PwC sheds light on the law regulating tenders and auctions in Qatar


PwC Middle East shed light on Law No. (24) of 2015, some of its provisions amended by Decree Law No. (18) of 2018 issued to regulate tenders and auctions within the State of Qatar, in addition to its executive regulations, noting that it is one of the laws that contributed significantly to moving forward Towards achieving Vision 2030 and its objectives.

The company, which specializes in auditing and consulting services, stated that the importance of laws issued by the state in general stems from the fact that it is a basic need to regulate behavior, relations and transactions between the various entities and individuals within the borders of the state in a binding manner. It is the set of legal rules prevailing in the country that show the extent of this country’s compatibility with international standards and its distance from them. The legal system in the state reflects its strategy and determines its economic, social and political programmes.

She explained that Law No. (24) of 2015, some of its provisions amended by Decree Law No. (18) of 2018 issued to regulate tenders and auctions within the State of Qatar, in addition to its executive regulations issued by Cabinet Resolution No. (16) of 2016, and some of its provisions amended by Cabinet Resolution No. (11) ) for the year 2022, is one of those laws that greatly contributed to moving forward towards achieving the vision of the State of Qatar 2030 and its goals.

BwC touched on the difference between bidding and bidding in the general essence, as the bidding is considered a procurement process by which the government agency presents its desire to obtain a service or establish a project with the required conditions and criteria, and then it evaluates the offers submitted by the parties interested in obtaining this offer. And choosing the offer with the lowest price that guarantees maintaining the required conditions and standards. As for the bidding, it is considered a sale process carried out by the government agency, and here we turn to two important questions.

What is the mechanism for determining what government agencies can put up for bidding?

Based on the executive regulations of the law, which stipulates that the administrative unit concerned with tenders and auctions affairs in the government agency, after the approval of the head of the agency, provides the Inspection and Valuation Committee at the Ministry of Finance with a list of items to be sold or leased, to determine the basic value. After obtaining the approval of the Ministry of Finance, the Tenders and Auctions Committee of the government entity is notified of the used bidding method before announcing the bidding.

Here we find that government agencies, if they fully comply with this law, can benefit from selling or leasing the various items in their possession that exceed their need, or items that are no longer used due to the obsolescence of these items, or even items that are not planned to be used in the short and medium term.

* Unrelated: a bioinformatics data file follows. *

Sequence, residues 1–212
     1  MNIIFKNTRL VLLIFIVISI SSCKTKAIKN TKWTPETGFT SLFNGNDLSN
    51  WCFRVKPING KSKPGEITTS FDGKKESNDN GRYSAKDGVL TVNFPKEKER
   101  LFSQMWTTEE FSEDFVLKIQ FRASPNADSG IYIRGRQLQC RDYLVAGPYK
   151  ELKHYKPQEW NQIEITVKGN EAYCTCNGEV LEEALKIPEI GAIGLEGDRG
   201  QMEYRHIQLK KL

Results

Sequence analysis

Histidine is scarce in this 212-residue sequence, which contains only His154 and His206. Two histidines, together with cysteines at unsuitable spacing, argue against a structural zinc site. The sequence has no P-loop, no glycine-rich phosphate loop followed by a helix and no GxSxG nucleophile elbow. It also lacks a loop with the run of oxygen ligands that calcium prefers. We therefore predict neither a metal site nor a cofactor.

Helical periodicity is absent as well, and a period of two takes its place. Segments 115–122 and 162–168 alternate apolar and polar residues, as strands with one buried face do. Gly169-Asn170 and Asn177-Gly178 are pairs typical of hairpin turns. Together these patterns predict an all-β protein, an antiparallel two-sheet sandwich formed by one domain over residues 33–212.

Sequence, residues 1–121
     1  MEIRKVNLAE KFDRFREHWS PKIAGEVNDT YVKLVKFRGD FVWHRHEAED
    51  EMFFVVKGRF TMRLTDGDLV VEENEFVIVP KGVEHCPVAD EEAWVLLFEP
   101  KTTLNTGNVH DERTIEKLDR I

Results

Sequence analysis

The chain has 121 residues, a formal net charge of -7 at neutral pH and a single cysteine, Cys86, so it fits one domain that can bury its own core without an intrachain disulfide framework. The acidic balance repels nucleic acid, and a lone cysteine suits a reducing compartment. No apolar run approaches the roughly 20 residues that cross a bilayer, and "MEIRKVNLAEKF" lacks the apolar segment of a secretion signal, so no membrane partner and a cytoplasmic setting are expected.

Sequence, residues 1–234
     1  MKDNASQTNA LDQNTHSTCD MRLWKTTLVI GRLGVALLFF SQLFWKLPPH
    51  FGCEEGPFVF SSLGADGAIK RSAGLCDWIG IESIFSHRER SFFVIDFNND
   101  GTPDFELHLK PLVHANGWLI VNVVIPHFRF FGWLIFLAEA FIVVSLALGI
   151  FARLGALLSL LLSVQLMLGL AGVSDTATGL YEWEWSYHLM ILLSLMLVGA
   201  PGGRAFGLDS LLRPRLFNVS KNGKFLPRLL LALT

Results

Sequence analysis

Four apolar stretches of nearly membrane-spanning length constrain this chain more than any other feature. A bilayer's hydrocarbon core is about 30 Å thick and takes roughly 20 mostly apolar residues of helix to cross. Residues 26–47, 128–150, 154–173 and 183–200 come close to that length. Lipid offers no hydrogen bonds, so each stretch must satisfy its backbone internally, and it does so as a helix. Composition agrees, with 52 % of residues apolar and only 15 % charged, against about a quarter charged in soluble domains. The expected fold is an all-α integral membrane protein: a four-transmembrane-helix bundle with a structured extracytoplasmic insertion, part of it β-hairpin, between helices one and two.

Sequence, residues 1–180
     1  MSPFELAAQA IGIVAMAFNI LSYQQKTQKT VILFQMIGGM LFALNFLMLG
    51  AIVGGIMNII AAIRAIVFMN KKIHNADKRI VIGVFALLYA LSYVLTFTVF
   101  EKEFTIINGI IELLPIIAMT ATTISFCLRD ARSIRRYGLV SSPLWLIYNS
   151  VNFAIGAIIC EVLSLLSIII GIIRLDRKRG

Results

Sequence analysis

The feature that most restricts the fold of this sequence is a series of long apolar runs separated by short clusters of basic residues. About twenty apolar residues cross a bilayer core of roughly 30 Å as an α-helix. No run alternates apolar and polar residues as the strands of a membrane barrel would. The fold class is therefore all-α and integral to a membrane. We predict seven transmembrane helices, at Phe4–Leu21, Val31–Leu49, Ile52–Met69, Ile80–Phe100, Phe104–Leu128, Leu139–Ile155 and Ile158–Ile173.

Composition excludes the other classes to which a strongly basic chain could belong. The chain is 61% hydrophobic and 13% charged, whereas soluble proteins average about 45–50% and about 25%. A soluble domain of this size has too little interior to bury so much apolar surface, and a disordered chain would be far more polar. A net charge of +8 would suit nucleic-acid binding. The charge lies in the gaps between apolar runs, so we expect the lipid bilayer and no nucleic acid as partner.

If the government agency owns a warehouse in which it stores the materials used in the field of work of this authority, then this authority must make a periodic inventory of this warehouse through its technical department to determine the materials to be sold, but is it only the stored materials that can be sold? Of course not, there are also other assets such as furniture, equipment and electronic devices that are subject to obsolescence and the need for renewal in accordance with information systems.

How does compliance with this law represent an opportunity for government agencies?

When fully complying with the law, the government agency can achieve the following:

Increasing revenues for the government agency and providing cash liquidity through the sale process.

Reducing the cost as storage costs are an additional financial burden for the tasks required for monitoring and auditing and providing the element of security and human elements to carry out these tasks.

In the event that it is not possible to complete the process of selling or renting the items, and as stipulated in Article No. (28) of the law, the government agency may, in this case, after the approval of the Minister of Finance, donate the items referred to to any party or destroy them.

And since the State of Qatar has agreed to accede to the international (Basel) Convention to control the transport of hazardous waste and its disposal across borders according to Decree No. (15) of 1996, we prefer the donation option by offering unsold materials to recycling plants inside the country for the benefits The many aspects of recycling and its positive impact on the environment, including:

Maintaining the cleanliness of the environment

Reduce the demand for raw materials

Conservation of natural resources

Preserving data by recycling papers and electronic storage devices

Therefore, adherence to the Tenders and Auctions Law is a golden opportunity for government agencies to contribute to achieving sustainable development.


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